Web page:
Enterprise Bill proposes radically reduced compensation awards and binding shareholder votes on pay

Out-Law News | 24 May 2012 | 4:16 pm | 3 min. read

A draft Bill designed to reform certain aspects of employment law and encourage "strong, sustainable" economic growth contains a provision which would allow the Government to radically reduce compensation awards for unfair dismissal.

Clause 12 of the new Enterprise and Regulatory Reform Bill (224-page / 825KB PDF) gives the Government the power to limit compensation to a figure between the national median annual earnings, or one year's earnings if lower, and three times the national median. The Department for Business, Innovation and Skills (BIS) is currently working from an average earnings figure of £26,000, giving a range of £26,000 to £78,000, according to an emailed newsletter from employment law blogger Daniel Barnett.

Unfair dismissal compensatory awards are currently capped at £72,000. However, this cap does not apply if the employee was dismissed or selected for redundancy for carrying out health and safety activities or for making a 'protected disclosure' under whistleblowing laws. The Bill also limits protection for disclosures to those made "in the public interest".

The Bill, which will now be debated by Parliament, contains measures aimed at improving the employment tribunal system and will pave the way for giving company shareholders binding votes on executive pay. It will also establish a new Competition and Markets Authority, which will combine the current market-related functions of the Office of Fair Trading with those of the Competition Commission, and set the purpose of the UK Green Investment Bank (GIB).

Business Secretary Vince Cable said that the measures in the Bill would help make the UK "one of the most enterprise-friendly countries in the world".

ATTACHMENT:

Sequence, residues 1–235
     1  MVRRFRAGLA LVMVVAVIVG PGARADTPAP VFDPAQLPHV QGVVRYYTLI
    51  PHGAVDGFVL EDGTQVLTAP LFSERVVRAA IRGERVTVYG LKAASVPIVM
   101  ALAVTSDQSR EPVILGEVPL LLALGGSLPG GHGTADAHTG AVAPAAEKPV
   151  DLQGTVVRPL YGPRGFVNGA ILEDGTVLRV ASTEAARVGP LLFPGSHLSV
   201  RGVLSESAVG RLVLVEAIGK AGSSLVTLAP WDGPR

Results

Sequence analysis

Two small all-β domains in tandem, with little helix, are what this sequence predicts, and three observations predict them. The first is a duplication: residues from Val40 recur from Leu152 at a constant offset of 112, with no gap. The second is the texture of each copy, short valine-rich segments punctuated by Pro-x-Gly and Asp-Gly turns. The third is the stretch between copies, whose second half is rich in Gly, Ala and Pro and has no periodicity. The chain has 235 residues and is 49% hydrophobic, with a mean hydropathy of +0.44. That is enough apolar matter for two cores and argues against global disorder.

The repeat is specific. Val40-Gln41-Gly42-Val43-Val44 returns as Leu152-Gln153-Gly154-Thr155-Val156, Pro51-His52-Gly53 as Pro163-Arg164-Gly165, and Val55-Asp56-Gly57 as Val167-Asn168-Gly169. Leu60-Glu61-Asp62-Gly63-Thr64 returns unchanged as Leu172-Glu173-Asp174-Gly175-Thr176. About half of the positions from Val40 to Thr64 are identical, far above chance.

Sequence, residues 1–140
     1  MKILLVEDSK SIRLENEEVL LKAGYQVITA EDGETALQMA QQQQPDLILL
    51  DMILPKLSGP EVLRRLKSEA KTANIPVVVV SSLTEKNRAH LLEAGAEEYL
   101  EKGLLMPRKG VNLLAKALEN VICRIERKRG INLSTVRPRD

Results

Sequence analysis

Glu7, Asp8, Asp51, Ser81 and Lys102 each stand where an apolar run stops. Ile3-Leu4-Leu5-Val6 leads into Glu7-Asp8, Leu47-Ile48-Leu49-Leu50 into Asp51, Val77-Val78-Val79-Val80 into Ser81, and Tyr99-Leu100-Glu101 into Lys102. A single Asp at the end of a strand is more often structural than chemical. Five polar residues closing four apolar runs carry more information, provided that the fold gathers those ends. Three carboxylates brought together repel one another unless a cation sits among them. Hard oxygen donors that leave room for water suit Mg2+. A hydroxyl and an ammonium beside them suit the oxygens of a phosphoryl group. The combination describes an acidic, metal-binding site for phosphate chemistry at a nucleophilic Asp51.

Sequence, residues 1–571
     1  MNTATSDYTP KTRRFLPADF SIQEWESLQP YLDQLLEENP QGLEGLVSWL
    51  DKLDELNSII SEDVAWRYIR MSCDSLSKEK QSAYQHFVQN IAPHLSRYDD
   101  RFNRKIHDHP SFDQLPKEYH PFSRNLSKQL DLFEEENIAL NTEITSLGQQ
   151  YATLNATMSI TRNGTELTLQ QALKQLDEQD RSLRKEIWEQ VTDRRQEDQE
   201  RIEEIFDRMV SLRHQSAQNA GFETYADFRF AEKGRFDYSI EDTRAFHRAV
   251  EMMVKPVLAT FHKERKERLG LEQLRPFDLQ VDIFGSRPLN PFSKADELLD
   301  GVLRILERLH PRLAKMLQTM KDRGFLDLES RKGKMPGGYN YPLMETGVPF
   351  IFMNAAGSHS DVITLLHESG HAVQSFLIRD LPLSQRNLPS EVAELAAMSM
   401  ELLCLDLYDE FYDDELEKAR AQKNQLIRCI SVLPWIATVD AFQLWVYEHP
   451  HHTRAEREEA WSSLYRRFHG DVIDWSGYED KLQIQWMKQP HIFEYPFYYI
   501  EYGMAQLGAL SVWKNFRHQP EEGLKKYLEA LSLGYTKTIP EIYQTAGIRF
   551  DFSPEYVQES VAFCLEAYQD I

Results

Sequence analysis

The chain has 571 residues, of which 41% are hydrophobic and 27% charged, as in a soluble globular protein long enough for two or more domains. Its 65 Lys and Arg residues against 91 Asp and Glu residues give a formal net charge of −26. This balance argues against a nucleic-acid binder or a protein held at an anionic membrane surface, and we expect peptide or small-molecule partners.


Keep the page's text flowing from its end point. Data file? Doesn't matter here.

"It will improve our employment tribunals, reform and strengthen competition enforcement, scrap unnecessary red tape and help ensure that people who work hard and do the right thing are rewarded," he said.

Plans to reduce regulatory burdens on businesses include the introduction of "sunset clauses" into new regulations. Departments will have to review the effectiveness of regulations within or after a specified period, and those that are no longer needed will be scrapped. The Bill also reduces some statutory inspection burdens and repeals some "unnecessary regulations", the Government said.

The Bill will expand the role of Government employment relations service Acas in providing an early conciliation service, with the aim of preventing workplace disputes from having to go to an employment tribunal in the first place. Anyone intending to make an employment tribunal claim will need to notify Acas in the first instance rather than the Tribunals Service. Acas will then have a specified time to provide conciliation, where appropriate, before the claim continues to a tribunal. Statutory time limits will be amended so that parties to a dispute will still be able to bring the claim to a tribunal if conciliation fails.

Less complex disputes will become quicker and cheaper to resolve through a new Rapid Resolution scheme, while the Government will also encourage the greater use of Settlement Agreements (currently Compromise Agreements).

Following a consultation process, the Government announced earlier this year that it would give shareholders binding votes on executive pay. Further detail on how this will work will be published "later in the legislative process", but the Bill will repeal the provision in the Companies Act 2006 that prevents a person's entitlement to remuneration being "conditional" on the shareholder's approval of a company's directors' remuneration report.

However some business groups expressed their "disappointment" with the Bill, with the Institute of Directors (IoD) saying that it offered "little to satisfy those in search of worthwhile deregulation".

"The changes to Employment Tribunals are the closest that the Government gets to the red meat of the issue," said Alexander Ehmann, IoD Head of Regulation and Employment Policy. "Disappointingly, the Bill signals another missed opportunity for the Government. In a week where Adrian Beecroft's report has dominated the news agenda, the gap between government rhetoric and actual deregulation is all too obvious."

Venture capitalist Adrian Beecroft made various recommendations for the simplification of employment regulations in a report published by the Government earlier this week, including the introduction of 'no fault' dismissals for companies with 10 staff or fewer and giving smaller companies the right to opt out of flexible working requests and auto-enrolling their employees into a workplace pension scheme. However employment law expert Christopher Mordue of Pinsent Masons, the law firm behind Out-Law.com, said that it was unlikely some of the report's more radical suggestions would be followed through.